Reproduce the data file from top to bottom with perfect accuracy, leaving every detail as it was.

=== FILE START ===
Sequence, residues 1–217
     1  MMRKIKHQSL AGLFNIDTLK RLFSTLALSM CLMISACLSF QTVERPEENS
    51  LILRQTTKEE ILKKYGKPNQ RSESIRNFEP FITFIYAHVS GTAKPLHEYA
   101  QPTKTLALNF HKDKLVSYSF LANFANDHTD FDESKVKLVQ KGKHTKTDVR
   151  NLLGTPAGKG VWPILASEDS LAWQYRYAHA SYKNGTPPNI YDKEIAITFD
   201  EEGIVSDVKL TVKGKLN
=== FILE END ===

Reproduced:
Sequence, residues 1–217
     1  MMRKIKHQSL AGLFNIDTLK RLFSTLALSM CLMISACLSF QTVERPEENS
    51  LILRQTTKEE ILKKYGKPNQ RSESIRNFEP FITFIYAHVS GTAKPLHEYA
   101  QPTKTLALNF HKDKLVSYSF LANFANDHTD FDESKVKLVQ KGKHTKTDVR
   151  NLLGTPAGKG VWPILASEDS LAWQYRYAHA SYKNGTPPNI YDKEIAITFD
   201  EEGIVSDVKL TVKGKLN